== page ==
I am finding the CO2 really confusing, even after reading the articles. I don't understand how I know how much to put in, what exactly I need, if I really need it, etc. The hubs wants me to buy CO2 so he can use it for his homebrew beer stuff too (don't think THAT's gonna work out). Jonathon's tank is exactly the kinda set-up I'm looking for, but on a smaller scale and with a non-sand substrate. I had sand in one of my tanks in the past and despised it (well, I cleaned gravel for a "living" and obviously you can't python sand!)

Also, thank you for the suggestions! I am planning on buying the lights you suggested tomorrow This weekend: a stand, maybe some low light plants, gravel...maybe a filter... we'll see! Any filter recommendations for my tiny tank? A canister seems overkill...but HOB stire the surface...(ugh!)

Actually... you CAN use a python with sand... I do... I treat it just like gravel. I use pool filter sand which is heavy enough that it acts much like gravel, but keeps all the waste on top making it super easy to clean. While I wont try to push that on you if you don't want it, I HIGHLY recommend it, especially for planted tanks (unless you want something like flourite or eco-complete).

Co2 is pretty simple. fort was kind enough to walk me through it, as I'm sure you saw in my thread. I over-analyzed everything, its actually ridiculously simple.
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Old 04-13-2011, 09:48 PM   #13
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Ok, so a caninster, CO2, and sand, LOL. Got it

I typed up a long response and...then my browser crashed (its totally fired!)

I was thinking about flourite, actually. Sand scares the crap outta me; almost as much as CO2!

You over-analyzed... is that possible?! (I'm a lab tech, hehehe)
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Old 04-13-2011, 09:53 PM   #14
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flourite would be ok. I like eco-complete and ada aquasoil better... but it depends on budget. And the specialty substrates certainly aren't required to have a great planted tank. You can use gravel if you want to... but I wouldn't be frightened by using sand. I would say 50-70% of the folks here with planted tanks use it. You just have to make sure you use the right stuff. PFS and playsand do not the same substrate make .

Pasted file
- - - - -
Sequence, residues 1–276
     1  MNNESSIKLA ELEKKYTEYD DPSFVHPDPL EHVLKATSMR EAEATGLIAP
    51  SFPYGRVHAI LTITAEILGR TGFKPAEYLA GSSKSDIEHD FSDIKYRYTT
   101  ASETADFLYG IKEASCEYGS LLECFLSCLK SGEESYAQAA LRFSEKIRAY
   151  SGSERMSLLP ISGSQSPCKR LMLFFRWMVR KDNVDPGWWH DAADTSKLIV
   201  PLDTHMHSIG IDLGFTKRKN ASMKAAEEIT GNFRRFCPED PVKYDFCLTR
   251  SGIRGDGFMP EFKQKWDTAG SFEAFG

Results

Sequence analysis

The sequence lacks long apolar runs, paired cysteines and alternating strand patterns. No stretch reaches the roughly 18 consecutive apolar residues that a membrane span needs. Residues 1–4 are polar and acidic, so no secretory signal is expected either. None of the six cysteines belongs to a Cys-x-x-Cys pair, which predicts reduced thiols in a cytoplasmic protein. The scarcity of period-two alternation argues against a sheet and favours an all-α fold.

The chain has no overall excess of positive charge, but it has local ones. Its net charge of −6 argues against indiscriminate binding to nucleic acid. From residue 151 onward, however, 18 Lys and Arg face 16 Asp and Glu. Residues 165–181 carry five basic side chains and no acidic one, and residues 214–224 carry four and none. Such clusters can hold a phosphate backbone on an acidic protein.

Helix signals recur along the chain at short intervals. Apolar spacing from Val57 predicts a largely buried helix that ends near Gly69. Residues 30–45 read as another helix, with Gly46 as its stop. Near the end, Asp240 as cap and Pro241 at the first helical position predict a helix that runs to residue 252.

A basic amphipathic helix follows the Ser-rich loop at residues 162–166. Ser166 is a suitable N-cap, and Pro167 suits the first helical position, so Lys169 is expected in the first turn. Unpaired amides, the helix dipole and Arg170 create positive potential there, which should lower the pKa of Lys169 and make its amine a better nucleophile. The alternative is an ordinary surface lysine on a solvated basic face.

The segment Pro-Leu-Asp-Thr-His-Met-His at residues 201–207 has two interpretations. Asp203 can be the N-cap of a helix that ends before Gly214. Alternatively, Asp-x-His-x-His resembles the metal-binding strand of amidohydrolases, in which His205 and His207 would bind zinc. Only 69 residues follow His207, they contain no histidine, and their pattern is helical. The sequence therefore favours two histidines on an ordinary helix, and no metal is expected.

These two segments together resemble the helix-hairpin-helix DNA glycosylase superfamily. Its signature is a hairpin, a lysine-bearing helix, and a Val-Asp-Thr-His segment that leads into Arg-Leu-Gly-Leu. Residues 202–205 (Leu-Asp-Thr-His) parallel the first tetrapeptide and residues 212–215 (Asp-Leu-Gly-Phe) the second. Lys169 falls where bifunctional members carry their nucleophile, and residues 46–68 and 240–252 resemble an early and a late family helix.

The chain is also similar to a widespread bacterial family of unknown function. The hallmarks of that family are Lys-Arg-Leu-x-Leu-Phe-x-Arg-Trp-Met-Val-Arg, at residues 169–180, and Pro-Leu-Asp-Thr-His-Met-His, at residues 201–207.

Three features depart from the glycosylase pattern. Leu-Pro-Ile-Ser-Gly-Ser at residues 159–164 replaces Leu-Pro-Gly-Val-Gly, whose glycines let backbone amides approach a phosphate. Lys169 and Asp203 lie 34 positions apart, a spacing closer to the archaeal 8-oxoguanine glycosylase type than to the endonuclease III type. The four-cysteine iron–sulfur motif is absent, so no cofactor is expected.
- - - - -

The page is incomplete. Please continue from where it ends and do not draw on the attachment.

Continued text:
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Old 04-13-2011, 10:06 PM   #15
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You guys have been ULTRA helpful and now my excitement level is throught the roof! Woo!

With eco-complete...surely eventually these nutrients are depleted? I assume I just use root plugs in the future?
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Old 04-13-2011, 10:08 PM   #16
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Yes, that is true... but it lasts a lot longer than most would think. It does well for at least a couple years. I have aquasoil, which is a similar composition, that is over 3 years old, and it still grows very high light delicate plants like it did the day I put it in.
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Old 04-13-2011, 10:09 PM   #17
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Root tabs may be necessary anyways if you have swords, though that wouldn't be a great idea in such a small tank ( I have one outgrowing my 125!).
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Old 04-13-2011, 10:15 PM   #18
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Wow! I found a place online that sells an (expensive, but cool) variety pack of plants, may have to give away the sword plant then! Now I'm not convinced I shouldn't go with the 55 gallon. =/ But then everything is more expensive...and I dont have a clue where to put it, unless I put it on top of my dresser... (sorry, I'm rambling!)

The eco-complete only comes in 20lb bags. Would it be ok to mix it with something else (for a thinner substrate layer) or should I just go for 40lbs of it?
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Old 04-13-2011, 10:18 PM   #19
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It would be ok to mix it, it just might look funny if the color is off. As far as layering, it would be tough to keep it from getting jumbled up... the only very successful layering I have seen is if you are using dirt or dirt/clay on the bottom layer.

You could consider dirt as a substrate too. It is cheap and can work, though it is a little more work on your part up front. Mfdrookie516's 125g build thread details using dirt as the bottom layer, and so far his tank is looking great!
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Old 04-13-2011, 10:28 PM   #20
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I think it might look cool to mix natural colored gravel with that dark dirt brown colored eco-complete... I think I may have just upgraded the project to a 55. Wish me and my pocketbook good luck!